As China increases its hydropower development plans into the 21st century, an estimated 8 million ethnic people in southwest China, many of them Tibetan, Miao, and Yi will be forced to leave their remote mountain homes. My previous posts this week focused on unjust and inappropriate compensation ethnic villagers in the Yalong River valley have received during the relocation process. During this process, local government and hydropower development firms give very little consideration to the rights of ethnic villagers. They also give very little consideration to existing laws protecting these marginalized people.
In the valley between the Kala and Yangfanggou dam sites, two large billboards sport eye-catching slogans. One says, “Maximize people’s benefits within the limits of law and policy” and the other “Crack down swiftly with the heavy hand of the law against illegal acts disturbing public affairs.”
To address the second billboard, in the eyes of the law there are two kinds of illegal acts. One kind is simply a violation of the law. The other constitutes a crime punishable by swift and heavy measures. Legal expert Zhou Yong of Norway University, Oslo questions the legal grounds for the Public Security Bureau to erect this billboard. Specifically, which law is the billboard referring to? And to what extent do swift and heavy measures apply? He continues his critique of the local public security bureau’s abuse of the law by adding that the final judicial organ deciding cases are courts, not the public security bureau.
Citizens have the right to act and react to changes going on around them especially in ethnic areas where China’s Law of Ethnic Autonomous Areas applies. Citizens should be aware of their rights and enjoy their rights. The role of NGOs should be to ensure that people can be protected by certain laws and regulations in ethnic areas. In addition, basic rights of personal safety and right of property should be guaranteed.
Yang Lin, an expert in social impact assessment adds that the billboards are very thought provoking. Reading them together seems to suggest that the government will provide you with what you need, so there’s nothing to worry about. But on the flipside, the sign indicates that if the government does not give you what it has promised, you shouldn’t ask for it again. This kind of ex-post behavior by relocated villagers is illegal and will be punished.
Article 27 of the UN Declaration on the Rights of Indigenous People declares:
States shall establish and implement, in conjunction with indigenous peoples concerned, a fair, independent, impartial, open and transparent process, giving due recognition to indigenous peoples’ laws, traditions, customs and land tenure systems, to recognize and adjudicate the rights of indigenous peoples pertaining to their lands, territories and resources, including those which were traditionally owned or otherwise occupied or used. Indigenous peoples shall have the right to participate in this process.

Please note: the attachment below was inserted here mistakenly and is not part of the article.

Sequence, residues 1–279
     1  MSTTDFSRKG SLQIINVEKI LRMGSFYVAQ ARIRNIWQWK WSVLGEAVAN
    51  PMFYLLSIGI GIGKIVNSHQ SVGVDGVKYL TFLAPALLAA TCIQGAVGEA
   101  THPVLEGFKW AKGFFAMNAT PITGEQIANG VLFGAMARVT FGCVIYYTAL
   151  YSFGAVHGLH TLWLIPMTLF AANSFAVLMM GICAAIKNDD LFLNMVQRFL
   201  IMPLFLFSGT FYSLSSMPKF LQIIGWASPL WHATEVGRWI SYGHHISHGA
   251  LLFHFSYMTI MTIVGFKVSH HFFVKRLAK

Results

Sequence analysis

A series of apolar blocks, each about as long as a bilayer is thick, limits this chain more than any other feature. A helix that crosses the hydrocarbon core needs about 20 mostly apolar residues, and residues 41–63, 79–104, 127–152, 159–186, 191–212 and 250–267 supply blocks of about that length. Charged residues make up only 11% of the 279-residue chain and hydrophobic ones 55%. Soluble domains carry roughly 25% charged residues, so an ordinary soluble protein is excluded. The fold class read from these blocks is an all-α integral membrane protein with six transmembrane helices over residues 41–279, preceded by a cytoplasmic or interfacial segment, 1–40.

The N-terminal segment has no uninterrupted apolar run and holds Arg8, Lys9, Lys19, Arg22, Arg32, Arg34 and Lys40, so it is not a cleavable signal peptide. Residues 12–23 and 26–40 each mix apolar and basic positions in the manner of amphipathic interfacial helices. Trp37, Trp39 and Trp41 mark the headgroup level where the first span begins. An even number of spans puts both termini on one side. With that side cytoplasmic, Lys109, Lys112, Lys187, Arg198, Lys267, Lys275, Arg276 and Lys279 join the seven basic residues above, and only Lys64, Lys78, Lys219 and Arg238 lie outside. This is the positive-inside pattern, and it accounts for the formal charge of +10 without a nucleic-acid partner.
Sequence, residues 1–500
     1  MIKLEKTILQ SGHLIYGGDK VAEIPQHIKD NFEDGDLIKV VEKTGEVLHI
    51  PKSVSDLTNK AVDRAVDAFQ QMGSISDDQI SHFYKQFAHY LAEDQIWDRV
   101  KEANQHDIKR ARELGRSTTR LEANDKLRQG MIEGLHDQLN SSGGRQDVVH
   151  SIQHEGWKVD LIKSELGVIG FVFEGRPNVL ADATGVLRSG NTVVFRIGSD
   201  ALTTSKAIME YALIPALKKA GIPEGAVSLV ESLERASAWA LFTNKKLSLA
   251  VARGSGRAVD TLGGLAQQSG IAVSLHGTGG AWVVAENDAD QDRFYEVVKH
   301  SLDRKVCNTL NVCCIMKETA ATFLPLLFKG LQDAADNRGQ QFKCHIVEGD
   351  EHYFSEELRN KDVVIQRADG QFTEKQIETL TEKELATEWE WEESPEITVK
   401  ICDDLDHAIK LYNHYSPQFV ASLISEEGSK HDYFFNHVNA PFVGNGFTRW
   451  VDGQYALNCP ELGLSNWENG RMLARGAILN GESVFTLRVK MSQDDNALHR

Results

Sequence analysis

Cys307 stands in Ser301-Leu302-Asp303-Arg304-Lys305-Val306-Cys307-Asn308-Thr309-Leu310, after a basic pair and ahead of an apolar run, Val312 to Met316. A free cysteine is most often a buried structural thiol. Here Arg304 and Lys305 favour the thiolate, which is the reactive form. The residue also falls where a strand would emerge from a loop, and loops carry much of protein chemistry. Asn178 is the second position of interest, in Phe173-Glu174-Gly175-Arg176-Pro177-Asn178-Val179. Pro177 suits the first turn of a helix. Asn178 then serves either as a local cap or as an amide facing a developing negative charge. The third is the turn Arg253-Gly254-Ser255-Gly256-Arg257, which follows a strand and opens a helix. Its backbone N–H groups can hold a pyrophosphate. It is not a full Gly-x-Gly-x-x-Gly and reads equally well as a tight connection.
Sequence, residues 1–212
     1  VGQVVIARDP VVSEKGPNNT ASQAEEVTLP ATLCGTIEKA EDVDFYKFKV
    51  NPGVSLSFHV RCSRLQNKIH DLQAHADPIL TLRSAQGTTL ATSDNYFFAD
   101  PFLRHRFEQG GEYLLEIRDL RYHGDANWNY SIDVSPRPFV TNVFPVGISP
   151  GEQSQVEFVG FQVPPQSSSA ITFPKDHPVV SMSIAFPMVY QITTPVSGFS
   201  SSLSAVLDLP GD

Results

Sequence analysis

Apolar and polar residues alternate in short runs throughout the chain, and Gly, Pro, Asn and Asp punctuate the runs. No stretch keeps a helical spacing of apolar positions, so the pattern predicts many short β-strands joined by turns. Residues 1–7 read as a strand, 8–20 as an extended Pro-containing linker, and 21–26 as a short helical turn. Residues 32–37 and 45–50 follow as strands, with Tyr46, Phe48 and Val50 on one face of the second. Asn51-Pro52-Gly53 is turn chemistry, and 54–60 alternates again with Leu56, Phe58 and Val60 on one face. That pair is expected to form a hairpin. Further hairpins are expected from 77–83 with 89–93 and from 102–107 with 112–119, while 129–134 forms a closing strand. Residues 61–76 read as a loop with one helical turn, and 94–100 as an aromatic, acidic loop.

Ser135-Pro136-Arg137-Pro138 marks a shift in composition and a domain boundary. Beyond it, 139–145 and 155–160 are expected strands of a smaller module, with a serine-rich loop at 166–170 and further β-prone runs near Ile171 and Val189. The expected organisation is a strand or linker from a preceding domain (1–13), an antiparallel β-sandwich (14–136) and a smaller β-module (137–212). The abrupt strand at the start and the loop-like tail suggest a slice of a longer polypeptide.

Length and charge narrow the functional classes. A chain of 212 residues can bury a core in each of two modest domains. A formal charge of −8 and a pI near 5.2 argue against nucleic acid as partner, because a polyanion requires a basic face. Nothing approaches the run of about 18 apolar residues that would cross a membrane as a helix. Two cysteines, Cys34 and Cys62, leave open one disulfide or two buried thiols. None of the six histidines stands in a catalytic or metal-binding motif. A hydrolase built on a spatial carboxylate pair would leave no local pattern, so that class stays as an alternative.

Today China is the building more hydropower projects than any other country in the world. In the new energy development plan, over 60 major hydropower dams and several hundred small and medium sized ones will be built along the Jinsha River (Yangtze), Lancang River (Mekong), Nu River (Salween), Yalong River, Min River Brahmaputra river, and the main stem of The number of ethnic minority people resettled will soon reach eight million. This will be the largest-scale involuntary resettlement in China’s history.
A promotional film for the Ertan dam says that all Chinese people will benefit from hydropower and that China will reach through to new heights from which all mankind will benefit.
A local villager from Danbo disagrees.
“We had to go away for seven days to attend the review and assessment process. Each family had to send a representative. We are uneducated and had no idea who might be in charge of the assessment. All we got were review forms.” During our meeting she produced a thin stack of official looking forms. “My husband became mentally ill because of this. He is still taking medicine to control the illness.”
As a country, China has a plan for the development of the national economy and will try its best to realize the goal of energy security and sustainable resource development. But hydropower development firms only seek to maximize profits. The country has power, and the firms have money. When power and money come together they will inevitably put a third party at disadvantage.
When “weak” individuals face a “strong” government and hydropower firm, the interests and needs of these individuals usually cannot be protected or heard. The Chinese government should fulfill its obligations by exercising its administrative powers within the framework of law. It should solve this issue according to the current laws, regulations, and the international conventions that China has approved. For example the UN Human Rights Convention requires that China follow related international law and assume international obligations. When solving conflicts between three parties, the most important thing is to make sure that concerns of the people can be heard. Throughout this process, people should be able to make use of various channels and platforms to raise their concerns.
During our surveying, countless villagers vented their frustration to my research team. “We can’t sleep at night. We can’t concentrate on our work during the day, and why is that? Back then, though we were poor, we had enough food and warm clothes. If we move to a new place, we will lose these.”
Another shared, “We can’t afford to leave, but we can’t afford to stay. We are sorry to cause such troubles for the Party, but this is a really big problem.”
“They used dynamite this time. The gods of the mountains and the Buddhist spirits all left. Some people will die now. Some will fall ill. Some will go crazy.”